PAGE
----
Skip to content

March Insight, Observation

Understanding and overcoming

The Camera: A Tool for Division and Connection

Photography, a captivating art form that has evolved from its historical roots to the digital age, is fundamentally about the division of space and the creation of boundaries. The camera, in both its traditional and digital forms, serves as an apparatus that filters the outside world into a two-dimensional image, a process that is deeply intertwined with the concept of space.

The Historical and Digital Camera

Historically, cameras operated through the division of space, capturing three-dimensional material from the outside world and transforming it into a two-dimensional image. This transformation was facilitated by the camera’s aperture, which controlled the amount of light entering the camera and thus influenced the depth of field and exposure in the photograph. The aperture’s size determined how much light entered the camera, affecting the sharpness of the image and the distance between the nearest and furthest objects that appear sharp [13].

With the advent of digital photography, the process has become even more sophisticated. Digital cameras use an array of photodiodes (CCD or CMOS) to convert photons (light energy) into electrons, allowing for the capture and storage of images in digital format. This technology simplifies the processing and sharing of photos, making digital images organized as a matrix of pixels, where each pixel represents the light intensity at a specific point in the image [2].

Borders and Boundaries in Photography

Photography is not just about capturing images; it also plays a significant role in the construction, organization, and development of boundaries and borders. These can be geographic, political, ecological, social, or cultural spaces external to photography. The camera’s images serve as a mode of construction, creating, organizing, and developing these boundaries and borders. At the same time, they can also be instruments for their dissolution, shattering, and dismantling [Source 11].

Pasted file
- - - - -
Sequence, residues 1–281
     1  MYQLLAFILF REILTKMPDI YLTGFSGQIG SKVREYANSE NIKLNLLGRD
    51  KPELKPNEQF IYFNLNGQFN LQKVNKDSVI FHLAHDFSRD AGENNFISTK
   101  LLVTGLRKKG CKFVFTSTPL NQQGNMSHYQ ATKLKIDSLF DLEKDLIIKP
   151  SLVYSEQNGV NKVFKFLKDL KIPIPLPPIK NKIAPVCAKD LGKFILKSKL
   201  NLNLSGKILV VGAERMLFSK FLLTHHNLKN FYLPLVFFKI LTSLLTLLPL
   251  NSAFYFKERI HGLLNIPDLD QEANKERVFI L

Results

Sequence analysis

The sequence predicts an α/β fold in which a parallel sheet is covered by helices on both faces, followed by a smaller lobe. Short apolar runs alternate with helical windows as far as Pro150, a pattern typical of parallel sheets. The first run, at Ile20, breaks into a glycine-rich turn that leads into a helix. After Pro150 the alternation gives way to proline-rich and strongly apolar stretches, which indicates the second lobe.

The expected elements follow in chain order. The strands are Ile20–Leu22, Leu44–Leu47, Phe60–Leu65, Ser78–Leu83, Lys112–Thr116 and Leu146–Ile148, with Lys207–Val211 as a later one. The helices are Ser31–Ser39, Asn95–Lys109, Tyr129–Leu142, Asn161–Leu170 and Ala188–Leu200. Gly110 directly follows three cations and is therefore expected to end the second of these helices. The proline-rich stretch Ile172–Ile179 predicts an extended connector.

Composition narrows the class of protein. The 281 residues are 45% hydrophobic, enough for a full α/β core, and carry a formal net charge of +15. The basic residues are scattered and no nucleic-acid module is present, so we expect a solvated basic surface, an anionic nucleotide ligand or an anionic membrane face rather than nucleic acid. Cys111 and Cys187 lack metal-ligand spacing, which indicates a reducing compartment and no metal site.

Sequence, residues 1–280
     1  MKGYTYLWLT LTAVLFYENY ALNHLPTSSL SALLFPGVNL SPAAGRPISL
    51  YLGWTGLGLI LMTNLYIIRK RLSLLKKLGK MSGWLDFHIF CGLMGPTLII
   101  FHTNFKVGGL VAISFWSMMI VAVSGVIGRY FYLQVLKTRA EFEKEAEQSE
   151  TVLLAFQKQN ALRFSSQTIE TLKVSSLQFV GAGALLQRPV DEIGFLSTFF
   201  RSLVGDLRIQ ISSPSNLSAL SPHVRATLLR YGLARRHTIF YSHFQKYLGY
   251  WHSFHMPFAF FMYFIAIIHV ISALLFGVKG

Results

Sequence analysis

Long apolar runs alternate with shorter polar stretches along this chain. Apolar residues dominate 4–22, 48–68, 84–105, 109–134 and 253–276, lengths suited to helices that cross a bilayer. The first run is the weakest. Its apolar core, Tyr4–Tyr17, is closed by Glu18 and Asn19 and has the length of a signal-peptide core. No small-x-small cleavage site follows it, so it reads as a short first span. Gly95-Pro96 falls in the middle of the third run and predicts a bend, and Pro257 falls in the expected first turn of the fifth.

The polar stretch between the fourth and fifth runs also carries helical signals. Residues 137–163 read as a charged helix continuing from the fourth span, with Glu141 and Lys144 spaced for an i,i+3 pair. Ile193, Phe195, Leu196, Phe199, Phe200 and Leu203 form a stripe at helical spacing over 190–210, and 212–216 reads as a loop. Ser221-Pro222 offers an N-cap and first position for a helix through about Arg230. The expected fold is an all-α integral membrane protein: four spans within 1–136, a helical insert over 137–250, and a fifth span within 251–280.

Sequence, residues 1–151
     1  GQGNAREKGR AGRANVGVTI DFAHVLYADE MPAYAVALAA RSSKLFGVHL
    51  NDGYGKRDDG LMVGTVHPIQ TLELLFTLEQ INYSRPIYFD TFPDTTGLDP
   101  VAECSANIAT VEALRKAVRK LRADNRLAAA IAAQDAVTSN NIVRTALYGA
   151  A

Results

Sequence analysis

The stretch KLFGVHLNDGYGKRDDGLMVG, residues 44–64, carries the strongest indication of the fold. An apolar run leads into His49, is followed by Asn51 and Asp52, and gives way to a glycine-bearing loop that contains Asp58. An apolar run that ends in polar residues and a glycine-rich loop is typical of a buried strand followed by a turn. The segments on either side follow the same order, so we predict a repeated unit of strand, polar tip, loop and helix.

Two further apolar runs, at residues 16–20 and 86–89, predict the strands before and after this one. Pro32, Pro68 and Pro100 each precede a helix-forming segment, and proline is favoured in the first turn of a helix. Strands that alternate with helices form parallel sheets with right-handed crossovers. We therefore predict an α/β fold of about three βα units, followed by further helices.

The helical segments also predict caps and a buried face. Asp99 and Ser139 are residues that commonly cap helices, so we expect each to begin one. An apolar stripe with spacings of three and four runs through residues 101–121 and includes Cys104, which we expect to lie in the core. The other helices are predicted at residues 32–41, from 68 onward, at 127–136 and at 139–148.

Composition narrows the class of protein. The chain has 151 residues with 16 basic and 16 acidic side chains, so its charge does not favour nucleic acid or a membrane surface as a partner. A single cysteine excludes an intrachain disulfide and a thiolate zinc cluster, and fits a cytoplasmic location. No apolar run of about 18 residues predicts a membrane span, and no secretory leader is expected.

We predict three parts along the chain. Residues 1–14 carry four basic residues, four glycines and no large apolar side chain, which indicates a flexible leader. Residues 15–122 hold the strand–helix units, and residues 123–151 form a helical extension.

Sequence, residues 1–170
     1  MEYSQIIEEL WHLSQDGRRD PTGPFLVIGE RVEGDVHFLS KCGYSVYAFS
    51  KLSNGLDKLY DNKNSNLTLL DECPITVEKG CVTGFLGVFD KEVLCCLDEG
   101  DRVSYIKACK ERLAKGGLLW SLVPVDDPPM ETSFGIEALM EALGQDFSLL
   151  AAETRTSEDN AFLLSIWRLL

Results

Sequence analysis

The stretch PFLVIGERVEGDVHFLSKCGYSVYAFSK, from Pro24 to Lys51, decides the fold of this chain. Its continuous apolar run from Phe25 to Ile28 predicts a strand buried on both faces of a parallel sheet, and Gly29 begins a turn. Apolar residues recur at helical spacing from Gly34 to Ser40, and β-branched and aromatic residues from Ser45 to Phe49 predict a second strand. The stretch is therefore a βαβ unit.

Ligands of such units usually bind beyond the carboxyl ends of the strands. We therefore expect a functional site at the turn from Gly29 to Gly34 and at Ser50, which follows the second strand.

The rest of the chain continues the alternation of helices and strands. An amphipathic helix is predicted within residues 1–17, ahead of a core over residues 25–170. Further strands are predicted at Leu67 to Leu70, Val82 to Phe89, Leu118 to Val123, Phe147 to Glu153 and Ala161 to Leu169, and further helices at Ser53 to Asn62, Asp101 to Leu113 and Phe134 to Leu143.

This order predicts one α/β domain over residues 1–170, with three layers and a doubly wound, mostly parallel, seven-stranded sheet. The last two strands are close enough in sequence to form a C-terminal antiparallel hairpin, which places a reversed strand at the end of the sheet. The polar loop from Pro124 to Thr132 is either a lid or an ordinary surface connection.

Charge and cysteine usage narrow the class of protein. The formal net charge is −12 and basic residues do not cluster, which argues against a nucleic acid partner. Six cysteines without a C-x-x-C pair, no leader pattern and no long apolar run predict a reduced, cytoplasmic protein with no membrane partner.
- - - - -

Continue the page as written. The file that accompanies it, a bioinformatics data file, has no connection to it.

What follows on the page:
The Digital Era and Its Impact

The digital era of photography has brought about significant changes, making it easier to capture, edit, and share images instantaneously. This era has also led to a shift in how we perceive and interact with images. Digital photography has expanded into commercial, governmental, and military uses, including 24-hour surveillance, remote targeting, and facial-recognition software. This has raised debates about the impact of the camera on civil liberties and has led photographers to explore new creative approaches, blurring the lines between traditional photography and digital manipulation [12].


The camera, whether in its historical or digital form, is a powerful tool that operates through the division of space. It captures the outside world and transforms it into a two-dimensional image, playing a crucial role in the construction and dissolution of boundaries and borders. As we move further into the digital age, the camera continues to evolve, offering new possibilities for capturing, editing, and sharing images. Understanding the camera’s role in the division of space and its impact on photography is essential for appreciating the full potential of this art form.


2 thoughts on “March Insight, Observation”

    1. Thank you! We really appreciate your feedback! It means so much, we have weekly themes where we invite others to participate, and share their perceptions and experiences.

Leave a Reply

Your email address will not be published. Required fields are marked *